Watch video to learn more:

Keltner Channels

Similar in practice to Bollinger Brands, which uses standard deviations to set trend trade bands (or bandwidth); the Keltner Channel uses an Average True Range (ATR) to set its channel distance (or width). It has an investor place trend trade lines above and below an exponential moving average to help determine a number of factors. Factors such as: whether a stock has been overbought, hit its oversold levels, could anticipate a reverse, or could be ending and approaching a new trend that is important to spot. Keltner Channel’s trend trade parallel lines are designed to follow price action and serve as a helpful trend trading strategy for investors. For example, a downtrend indicates the channel is moving lower, while uptrend means it’s moving in the opposite direction and “flat” means channel is moving sideways. All of which, offers a sound trend trading system that you can lock into—and be profitably positioned to reap its rewards no matter what happens to the underlying stock.

Posted by smartadmin at 3:13 pm

Option Spread Trading

July 17th, 2014

Option spread trading; a form of directional trading considers the direction of the market—and considers it as the most important variable. This form of investing is widely used in methods of spread trading because of the many strategies at one’s disposal to capitalize on regardless if the market goes higher or lower.

When trading for straight long/short trades, you’re on the lookout for a large move in order for you to cover your commissions, trading costs—and to make a profit. But with options spread trading, you can profit even if the expected movement in the underlying stock isn’t large.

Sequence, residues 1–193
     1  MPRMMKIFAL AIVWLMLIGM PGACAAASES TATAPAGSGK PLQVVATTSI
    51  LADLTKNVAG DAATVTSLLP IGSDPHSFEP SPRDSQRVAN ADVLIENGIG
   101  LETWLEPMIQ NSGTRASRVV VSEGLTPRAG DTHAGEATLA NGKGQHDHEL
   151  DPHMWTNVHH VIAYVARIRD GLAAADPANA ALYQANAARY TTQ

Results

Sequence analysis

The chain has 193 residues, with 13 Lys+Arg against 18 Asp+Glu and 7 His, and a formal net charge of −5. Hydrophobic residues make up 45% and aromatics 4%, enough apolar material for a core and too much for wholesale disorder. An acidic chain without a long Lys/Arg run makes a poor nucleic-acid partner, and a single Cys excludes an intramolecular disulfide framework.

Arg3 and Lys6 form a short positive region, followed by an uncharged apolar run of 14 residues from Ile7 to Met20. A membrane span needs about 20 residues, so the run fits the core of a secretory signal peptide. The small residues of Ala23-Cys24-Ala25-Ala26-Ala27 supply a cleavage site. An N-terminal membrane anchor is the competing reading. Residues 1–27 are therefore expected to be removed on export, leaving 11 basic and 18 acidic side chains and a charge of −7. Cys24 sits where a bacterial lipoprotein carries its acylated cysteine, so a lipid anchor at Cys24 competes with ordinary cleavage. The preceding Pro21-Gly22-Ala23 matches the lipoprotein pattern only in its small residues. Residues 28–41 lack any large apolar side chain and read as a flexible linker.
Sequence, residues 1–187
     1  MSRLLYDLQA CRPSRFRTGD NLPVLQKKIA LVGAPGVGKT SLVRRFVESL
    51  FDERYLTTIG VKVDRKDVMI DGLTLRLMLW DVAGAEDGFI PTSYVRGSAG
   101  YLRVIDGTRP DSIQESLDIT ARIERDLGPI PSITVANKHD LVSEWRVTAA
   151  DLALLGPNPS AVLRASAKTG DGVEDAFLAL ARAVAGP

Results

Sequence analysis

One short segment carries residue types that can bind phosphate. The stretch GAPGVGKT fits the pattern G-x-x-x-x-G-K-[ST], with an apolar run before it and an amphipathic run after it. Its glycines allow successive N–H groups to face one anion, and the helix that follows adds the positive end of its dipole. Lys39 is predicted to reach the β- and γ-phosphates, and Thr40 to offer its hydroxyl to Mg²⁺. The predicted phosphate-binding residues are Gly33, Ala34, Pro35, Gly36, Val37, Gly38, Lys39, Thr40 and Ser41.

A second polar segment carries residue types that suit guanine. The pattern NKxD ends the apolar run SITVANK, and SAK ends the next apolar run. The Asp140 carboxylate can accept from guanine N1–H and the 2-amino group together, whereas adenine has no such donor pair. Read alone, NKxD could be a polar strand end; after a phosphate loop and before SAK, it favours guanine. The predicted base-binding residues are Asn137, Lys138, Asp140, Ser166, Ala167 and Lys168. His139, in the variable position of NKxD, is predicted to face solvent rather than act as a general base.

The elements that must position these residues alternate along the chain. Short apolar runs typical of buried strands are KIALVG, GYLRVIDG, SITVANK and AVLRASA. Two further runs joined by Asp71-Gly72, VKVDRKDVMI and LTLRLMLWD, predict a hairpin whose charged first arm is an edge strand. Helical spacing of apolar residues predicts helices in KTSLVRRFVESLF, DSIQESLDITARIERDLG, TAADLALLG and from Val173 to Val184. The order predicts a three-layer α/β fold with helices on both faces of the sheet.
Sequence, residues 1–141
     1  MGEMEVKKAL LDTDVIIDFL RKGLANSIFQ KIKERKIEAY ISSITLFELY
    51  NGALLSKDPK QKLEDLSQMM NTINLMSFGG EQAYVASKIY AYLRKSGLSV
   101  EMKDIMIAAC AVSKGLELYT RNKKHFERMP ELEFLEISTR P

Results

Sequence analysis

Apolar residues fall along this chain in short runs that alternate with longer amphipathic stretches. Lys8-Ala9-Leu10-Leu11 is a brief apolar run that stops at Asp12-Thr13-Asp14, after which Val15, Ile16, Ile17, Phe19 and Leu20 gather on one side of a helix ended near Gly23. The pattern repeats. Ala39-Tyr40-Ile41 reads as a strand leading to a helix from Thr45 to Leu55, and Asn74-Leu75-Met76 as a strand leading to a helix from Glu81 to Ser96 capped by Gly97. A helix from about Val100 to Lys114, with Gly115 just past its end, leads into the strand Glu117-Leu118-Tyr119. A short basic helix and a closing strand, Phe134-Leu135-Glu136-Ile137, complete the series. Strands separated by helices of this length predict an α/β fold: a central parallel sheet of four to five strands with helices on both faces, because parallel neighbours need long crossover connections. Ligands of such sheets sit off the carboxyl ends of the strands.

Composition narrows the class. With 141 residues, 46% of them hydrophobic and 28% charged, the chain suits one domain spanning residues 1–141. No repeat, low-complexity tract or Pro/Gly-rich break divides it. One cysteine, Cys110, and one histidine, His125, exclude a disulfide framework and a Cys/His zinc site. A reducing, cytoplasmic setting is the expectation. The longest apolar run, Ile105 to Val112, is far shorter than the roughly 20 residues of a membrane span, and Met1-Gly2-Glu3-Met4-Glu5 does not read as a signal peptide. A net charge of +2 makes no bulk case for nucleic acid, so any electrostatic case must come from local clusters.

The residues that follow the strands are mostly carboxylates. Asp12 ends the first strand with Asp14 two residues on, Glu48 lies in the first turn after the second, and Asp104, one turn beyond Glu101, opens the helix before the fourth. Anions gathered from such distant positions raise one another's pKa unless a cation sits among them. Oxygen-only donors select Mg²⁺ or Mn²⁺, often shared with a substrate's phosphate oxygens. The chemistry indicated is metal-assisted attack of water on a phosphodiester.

For example, let’s say you are optimistic about a biomedical stock, which is trading at $60, and you expect it to rise to $65 within the next three months. You can buy 200 shares at $60, with a possible stop-loss at $58 just in case the stock reverses direction. If option spread reaches its target, you’ll be able to sell for a $1,200 profit (before commissions).

On the other hand, let’s say that you expect stock to only trade up to $62 within the next three months. The strategies behind option spread trading will still provide you with several alternatives to make some money off the hot biomedOption Spread Directional Tradingical stock.

Examples follow:
• If stock goes sideways, spread trading will allow you to sell with a strike price of $60 expiring in three months.
• You can also write two put options (of 100 shares each) and receive a gross profit.
• If stock rises to $62 by the time your options expire in three months, you make a nice gain.
• And, if stock trades below $60, you can buy the shares at $60.

As you can see, buying call options are a great alternative to buying the stock outright. They offer you more flexibility to structure your directional trades. Contact us for more.

Posted by smartadmin at 10:52 am

Bear Spreads for Growth Stocks

June 9th, 2014

We often get asked how an investor can join the growth stock bandwagon when growth has already occurred. Good question. We believe that every investor can take advantage of both a bear and a bull market if they play it smart. And here is what we mean by playing it smart: take the short position to limit risk and use more than one fundamental variable to rank stocks that you invest in.

Bear Spreads for Growth Stocks

Bear Option Spread

To take the short position, we suggest you purchase a bear option spread or a put option when you invest in growth stocks. Both stock strategies will allow you to carry less risk and sleep better at night. Purchasing a bear option spread gives you the opportunity to simultaneously purchase and sell two of the same or closely related future contracts. Alternatively, purchasing a bear put spread positions you well for a possible decline in the price and allows you to purchase bear put spread options at a specific strike price while also selling the same number of puts at a lower strike price.

Compare Multiple Fundamentals

To determine which growth stocks to invest in depends on you looking at multiple fundamentals of a given company and asking yourself?